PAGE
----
“Wanna go to a movie at the Riverview Theater? It’s about running!” -me
…An hour before the movie starts and we are heading into the theater (Minneapolis/St. Paul has a BIG running community, so we arrived rather early to make sure we grabbed good seats and popcorn)…
“So I don’t even know what this movie is about, but I am sure it’ll be good.” -wife
Such trust she has in me! Anyway, the HIGHLY anticipated film was Run Free: The True Story of Caballo Blanco. The documentary is making its way around the United States, and as of last night, the Twin Cities had the largest crowd yet of over 400. The movie promotor introduced the movie by sharing a recent viewer he ran into on the trail who said the film made her laugh a lot and cry…
Micah True, later dubbed Caballo Blanco (‘White Horse’), ran ultra distances in Colorado during his younger years and eventually made his way to Mexico and essentially lived mostly off the grid. He gradually made friends with the Tarahumara Indians and ran even more ultra distances in Northern Mexico. For a guy who ran and lived simply, his name became rather well-known following the release of the best-selling book Born to Run–A Hidden Tribe, Super Athletes and the Greatest Race the World Has Never Seen. Check out that book for an entertaining non-fiction story of Caballo Blanco, Barefoot Ted, Scott Jurek (an ultra runner from Minnesota!) and the 50 mile race Caballo Blanco created in the Copper Canyons to benefit his friends, the Tarahumara, and their running history. The rest is history, recent history, as the man known as Caballo Blanco died in 2012. Based on solely the reaction of the fellow Twin Cities runners who filled the Riverview Theater, the film was a fitting tribute to a long distance running legend, one of the Mas Locos who lived by the unwritten code of providing opportunities for others while expecting nothing in return.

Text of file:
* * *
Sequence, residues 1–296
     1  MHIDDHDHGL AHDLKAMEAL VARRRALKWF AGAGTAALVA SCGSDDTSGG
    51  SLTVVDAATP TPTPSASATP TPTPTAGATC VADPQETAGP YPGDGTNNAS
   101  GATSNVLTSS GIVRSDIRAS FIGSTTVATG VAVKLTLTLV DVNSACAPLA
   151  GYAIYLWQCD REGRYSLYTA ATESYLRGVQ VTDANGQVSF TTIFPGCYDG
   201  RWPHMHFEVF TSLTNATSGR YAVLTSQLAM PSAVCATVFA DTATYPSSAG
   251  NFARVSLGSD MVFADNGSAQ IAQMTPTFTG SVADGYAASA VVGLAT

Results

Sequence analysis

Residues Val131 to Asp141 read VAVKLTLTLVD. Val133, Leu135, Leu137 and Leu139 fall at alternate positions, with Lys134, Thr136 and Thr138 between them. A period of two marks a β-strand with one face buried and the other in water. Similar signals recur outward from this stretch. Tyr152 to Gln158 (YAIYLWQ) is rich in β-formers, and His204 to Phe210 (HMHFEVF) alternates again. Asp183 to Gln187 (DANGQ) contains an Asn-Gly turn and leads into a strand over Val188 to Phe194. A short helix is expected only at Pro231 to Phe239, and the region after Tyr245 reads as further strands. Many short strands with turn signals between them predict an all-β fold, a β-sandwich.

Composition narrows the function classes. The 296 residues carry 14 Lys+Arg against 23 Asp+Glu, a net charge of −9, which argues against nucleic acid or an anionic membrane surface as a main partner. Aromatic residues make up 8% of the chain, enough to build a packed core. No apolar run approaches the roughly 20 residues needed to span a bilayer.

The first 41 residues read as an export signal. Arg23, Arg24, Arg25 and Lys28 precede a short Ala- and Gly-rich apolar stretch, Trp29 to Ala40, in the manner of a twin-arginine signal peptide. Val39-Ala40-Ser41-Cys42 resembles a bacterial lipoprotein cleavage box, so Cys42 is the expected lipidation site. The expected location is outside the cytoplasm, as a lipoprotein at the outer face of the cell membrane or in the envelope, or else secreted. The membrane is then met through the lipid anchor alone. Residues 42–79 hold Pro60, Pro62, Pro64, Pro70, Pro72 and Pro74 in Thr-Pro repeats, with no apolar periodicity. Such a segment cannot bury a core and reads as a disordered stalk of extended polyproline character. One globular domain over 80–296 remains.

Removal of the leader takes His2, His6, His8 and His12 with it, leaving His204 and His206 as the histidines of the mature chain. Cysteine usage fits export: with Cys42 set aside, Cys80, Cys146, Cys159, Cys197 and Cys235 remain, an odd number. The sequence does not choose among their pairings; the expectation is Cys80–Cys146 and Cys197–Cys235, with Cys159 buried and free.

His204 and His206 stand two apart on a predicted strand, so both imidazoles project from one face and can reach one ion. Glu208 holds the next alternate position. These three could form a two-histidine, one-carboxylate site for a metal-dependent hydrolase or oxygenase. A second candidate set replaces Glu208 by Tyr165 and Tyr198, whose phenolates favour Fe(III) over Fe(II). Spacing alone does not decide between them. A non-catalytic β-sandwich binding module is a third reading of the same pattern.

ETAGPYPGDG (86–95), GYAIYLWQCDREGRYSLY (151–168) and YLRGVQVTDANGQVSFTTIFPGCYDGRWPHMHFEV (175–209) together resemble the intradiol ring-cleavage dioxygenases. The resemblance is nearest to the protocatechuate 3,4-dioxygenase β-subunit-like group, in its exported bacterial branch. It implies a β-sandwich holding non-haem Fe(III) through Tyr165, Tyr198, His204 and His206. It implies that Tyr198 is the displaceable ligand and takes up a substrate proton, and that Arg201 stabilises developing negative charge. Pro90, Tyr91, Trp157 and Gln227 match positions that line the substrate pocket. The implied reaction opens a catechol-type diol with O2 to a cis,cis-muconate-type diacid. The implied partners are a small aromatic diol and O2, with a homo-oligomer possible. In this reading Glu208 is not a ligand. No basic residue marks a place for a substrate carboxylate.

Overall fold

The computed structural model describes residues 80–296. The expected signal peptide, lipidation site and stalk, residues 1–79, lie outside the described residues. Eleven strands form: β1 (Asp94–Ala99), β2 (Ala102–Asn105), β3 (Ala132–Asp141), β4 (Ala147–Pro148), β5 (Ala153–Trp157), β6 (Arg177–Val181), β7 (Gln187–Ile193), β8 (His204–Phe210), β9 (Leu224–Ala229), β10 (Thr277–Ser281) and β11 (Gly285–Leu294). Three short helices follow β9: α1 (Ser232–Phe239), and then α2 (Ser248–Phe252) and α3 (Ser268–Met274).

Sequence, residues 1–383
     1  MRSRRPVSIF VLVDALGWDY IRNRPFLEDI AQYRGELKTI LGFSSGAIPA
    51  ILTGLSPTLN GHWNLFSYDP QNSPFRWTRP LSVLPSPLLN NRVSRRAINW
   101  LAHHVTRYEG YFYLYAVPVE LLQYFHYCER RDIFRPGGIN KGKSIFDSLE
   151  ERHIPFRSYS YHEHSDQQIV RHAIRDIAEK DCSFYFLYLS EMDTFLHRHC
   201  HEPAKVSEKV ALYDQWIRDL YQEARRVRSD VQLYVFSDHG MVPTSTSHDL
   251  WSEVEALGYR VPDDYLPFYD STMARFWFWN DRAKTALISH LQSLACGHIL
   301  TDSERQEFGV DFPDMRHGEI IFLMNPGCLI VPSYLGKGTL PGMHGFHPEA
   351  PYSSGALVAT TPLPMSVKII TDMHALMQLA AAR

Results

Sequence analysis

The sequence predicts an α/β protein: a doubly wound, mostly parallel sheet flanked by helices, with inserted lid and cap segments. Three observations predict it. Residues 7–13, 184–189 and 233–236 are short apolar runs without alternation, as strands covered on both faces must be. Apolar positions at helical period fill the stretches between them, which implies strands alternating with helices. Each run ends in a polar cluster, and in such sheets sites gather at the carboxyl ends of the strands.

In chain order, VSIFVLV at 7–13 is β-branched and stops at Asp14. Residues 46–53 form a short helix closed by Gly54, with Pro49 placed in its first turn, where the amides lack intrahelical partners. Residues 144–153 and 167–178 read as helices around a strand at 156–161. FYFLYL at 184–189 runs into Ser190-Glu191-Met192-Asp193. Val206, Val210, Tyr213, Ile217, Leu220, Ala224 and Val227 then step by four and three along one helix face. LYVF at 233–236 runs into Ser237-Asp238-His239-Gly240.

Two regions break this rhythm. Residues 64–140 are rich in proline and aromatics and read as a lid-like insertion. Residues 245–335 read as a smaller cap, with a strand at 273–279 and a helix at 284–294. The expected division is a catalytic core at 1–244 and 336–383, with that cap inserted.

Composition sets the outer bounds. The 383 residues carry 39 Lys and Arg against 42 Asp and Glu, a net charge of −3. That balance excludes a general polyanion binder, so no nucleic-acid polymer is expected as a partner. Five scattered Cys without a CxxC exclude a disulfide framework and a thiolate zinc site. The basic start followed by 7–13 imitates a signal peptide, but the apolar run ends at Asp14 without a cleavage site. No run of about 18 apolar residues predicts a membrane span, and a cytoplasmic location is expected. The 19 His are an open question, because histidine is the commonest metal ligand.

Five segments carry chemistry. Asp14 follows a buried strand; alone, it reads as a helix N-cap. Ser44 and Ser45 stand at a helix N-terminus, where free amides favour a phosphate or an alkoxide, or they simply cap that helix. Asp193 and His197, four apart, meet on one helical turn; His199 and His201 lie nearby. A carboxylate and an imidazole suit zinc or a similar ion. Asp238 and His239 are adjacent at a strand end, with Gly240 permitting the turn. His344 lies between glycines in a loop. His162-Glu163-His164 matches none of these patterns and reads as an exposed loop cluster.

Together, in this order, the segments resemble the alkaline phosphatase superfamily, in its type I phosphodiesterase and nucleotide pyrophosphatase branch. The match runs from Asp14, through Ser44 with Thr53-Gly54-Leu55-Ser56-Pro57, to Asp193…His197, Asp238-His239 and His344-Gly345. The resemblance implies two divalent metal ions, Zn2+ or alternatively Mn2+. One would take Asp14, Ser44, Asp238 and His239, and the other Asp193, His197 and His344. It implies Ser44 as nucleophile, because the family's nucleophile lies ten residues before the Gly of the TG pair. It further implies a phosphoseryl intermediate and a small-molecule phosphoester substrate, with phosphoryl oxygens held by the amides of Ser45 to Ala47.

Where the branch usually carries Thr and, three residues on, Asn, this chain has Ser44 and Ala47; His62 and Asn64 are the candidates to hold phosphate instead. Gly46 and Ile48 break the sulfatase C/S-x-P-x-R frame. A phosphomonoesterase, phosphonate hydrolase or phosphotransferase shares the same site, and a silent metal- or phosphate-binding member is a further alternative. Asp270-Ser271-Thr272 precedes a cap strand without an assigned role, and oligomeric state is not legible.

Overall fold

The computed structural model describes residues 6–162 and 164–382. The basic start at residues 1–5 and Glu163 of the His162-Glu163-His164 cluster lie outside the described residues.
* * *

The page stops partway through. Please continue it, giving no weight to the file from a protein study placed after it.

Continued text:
Create Opportunities, for Others
Running could be considered an inherently selfish sport. But to stay sane, don’t we need an outlet to just be ourselves, to let our minds wander or perhaps conversely, the opportunity to work toward a goal? Running provides for the individual. And with that, the individual can better provide for the ‘group,’ whomever they may be.
Running, for me, is simply something I love to do and so much more. Back to Run Free, this idea came across as the essence of Caballo Blanco. He loved running, and was better for it. Except he did not let the good stop there. He found a way to connect with people, of varying backgrounds and cultures, through running. Then he went a step, a million steps, further by creating an ultra marathon that provides tons of food to families that desperately need it.
Admittedly, today I feel quite focused on the individual aspect of running. My brain and soul and legs need that attention. Fortunately that includes running with friends and family. A couple times a month that means encouraging that new runner who steps into my favorite local running store. In the future, that will include teaching another round of learn to run clinics and ideally also includes other ideas I haven’t even considered yet. I see another post in the works specifically listing how to create opportunities, for others.